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Insulating Window Film

Posted by kss1956 (My Page) on
Tue, Oct 8, 13 at 8:29

I want to put this on a bay window (only three panes) and want it to last more than one year. Any advice on where to buy quality film is much appreciated. This is to be used to keep the room warmer in the winter and cooler in the summer.

Thank you!


Follow-Up Postings:

RE: Insulating Window Film

I can suggest the simple and reversible fix at the link below using bubble wrap on your windows for insulation in the winter. We added bubble wrap to all our windows 7-years ago and have seen a HUGE difference -- even in a new-built home with energy-efficient windows. Secondary benefit - no more moisture accumulating on windows in the winter.

-cut the bubble wrap slightly smaller than the window
-use distilled water since minerals in tap water can etch glass

We also have insulated Levolor blinds on our windows.

For summer, it's my experience it takes more coverage than bubble wrap only. In fact, the more layers of protection, the more effective. On our west windows we have these layers of protection.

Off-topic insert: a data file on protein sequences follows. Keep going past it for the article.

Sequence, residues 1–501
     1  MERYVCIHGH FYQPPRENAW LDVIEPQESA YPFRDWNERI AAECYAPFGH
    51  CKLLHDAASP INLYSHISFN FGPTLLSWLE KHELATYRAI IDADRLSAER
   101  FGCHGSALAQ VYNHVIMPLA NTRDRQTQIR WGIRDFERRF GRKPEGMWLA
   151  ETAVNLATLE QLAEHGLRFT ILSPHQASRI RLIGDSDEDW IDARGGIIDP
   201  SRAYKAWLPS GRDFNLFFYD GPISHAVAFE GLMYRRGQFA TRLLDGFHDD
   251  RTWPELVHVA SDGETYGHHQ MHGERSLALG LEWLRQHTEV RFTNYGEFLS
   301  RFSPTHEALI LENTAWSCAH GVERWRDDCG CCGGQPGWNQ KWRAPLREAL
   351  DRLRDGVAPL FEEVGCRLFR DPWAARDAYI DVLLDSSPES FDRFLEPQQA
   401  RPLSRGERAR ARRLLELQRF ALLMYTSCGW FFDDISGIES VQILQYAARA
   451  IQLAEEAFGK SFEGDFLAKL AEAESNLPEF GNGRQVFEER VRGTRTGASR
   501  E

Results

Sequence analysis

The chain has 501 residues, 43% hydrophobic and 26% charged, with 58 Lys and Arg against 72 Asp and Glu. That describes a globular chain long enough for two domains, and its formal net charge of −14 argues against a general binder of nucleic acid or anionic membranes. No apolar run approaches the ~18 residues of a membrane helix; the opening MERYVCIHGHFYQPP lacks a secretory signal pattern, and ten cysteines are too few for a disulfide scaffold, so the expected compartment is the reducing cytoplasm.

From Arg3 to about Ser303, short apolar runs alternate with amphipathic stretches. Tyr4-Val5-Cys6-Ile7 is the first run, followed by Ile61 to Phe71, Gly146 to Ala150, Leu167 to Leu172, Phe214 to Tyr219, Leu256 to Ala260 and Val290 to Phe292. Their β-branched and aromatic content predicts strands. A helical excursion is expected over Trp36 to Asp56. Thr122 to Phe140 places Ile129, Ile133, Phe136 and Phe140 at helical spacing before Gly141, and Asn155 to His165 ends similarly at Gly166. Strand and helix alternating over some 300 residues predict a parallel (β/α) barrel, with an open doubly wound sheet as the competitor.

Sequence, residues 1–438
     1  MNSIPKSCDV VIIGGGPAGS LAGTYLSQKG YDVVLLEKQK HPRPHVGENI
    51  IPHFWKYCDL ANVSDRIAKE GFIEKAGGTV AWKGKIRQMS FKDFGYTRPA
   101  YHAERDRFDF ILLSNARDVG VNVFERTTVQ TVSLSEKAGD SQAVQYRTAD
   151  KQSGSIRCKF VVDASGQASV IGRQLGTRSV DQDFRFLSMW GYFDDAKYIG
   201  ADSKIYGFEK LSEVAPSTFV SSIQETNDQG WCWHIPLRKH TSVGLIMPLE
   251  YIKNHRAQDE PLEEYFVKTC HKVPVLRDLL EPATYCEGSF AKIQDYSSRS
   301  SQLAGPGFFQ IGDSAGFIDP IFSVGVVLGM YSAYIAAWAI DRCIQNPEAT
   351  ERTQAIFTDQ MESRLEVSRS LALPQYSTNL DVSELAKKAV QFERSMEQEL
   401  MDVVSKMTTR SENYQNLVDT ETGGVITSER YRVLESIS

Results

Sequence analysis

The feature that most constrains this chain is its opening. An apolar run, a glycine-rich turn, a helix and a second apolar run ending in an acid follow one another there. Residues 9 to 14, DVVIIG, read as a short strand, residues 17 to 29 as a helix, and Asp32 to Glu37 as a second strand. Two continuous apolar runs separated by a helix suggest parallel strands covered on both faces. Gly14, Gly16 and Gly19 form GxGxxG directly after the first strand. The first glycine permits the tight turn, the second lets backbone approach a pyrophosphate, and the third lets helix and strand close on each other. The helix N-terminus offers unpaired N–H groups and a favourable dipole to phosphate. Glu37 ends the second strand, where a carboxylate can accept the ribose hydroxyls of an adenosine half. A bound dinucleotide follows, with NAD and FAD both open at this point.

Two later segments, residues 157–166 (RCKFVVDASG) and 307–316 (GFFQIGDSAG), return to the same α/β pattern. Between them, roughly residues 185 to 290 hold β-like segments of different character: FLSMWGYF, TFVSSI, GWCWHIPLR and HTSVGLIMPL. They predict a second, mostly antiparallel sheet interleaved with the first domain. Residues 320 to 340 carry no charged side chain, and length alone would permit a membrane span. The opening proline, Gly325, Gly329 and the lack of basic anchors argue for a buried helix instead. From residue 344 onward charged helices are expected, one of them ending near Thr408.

-UV blocking glass AND UV blocking screens (they are thick and black)
-bubble wrap is left on windows that aren't "seen" and normally covered with blinds
-a few windows I also add room-darkening insulated drapes under the Levolor blinds for additional protection. I use a tension rod for easy installation and removal.

Other options and ideas....

--The townhouse we lived in before moving here, I made multi-layer "Window Quilts" for all the windows, but it's a lot of work and expense to do it properly. You can Google information for making your own.

--We use this method on the egress windows in the basement, but the downside, it blocks all the light along with the heat and cold. We cut rigid insulation to fit our windows. I covered the sheets of foam insulation with decorative material (spray-on adhesive and decorative trim at the seams) so it looks nice inside and outside.

--You could also add heat control plastic film to your windows, but it does fade and needs removed and replaced occasionally (a task that is a pain somewhere lower than the neck - LOL). We added this to our storm door on the west side of the house. The brand we used was Gila - found at Lowe's.

Check your library for these books. Even though they are a bit out of date (remember the Energy Crisis during the Carter Administration), they still have a lot of good ideas in them. The nice thing -- we have new materials we can adapt to the ideas.

-Movable Insulation - by William K. Langdon (1980)
-Better Homes and Gardens Energy-Saving Projects You Can Build (1979)


Here is a link that might be useful: Bubblewrap window insulation

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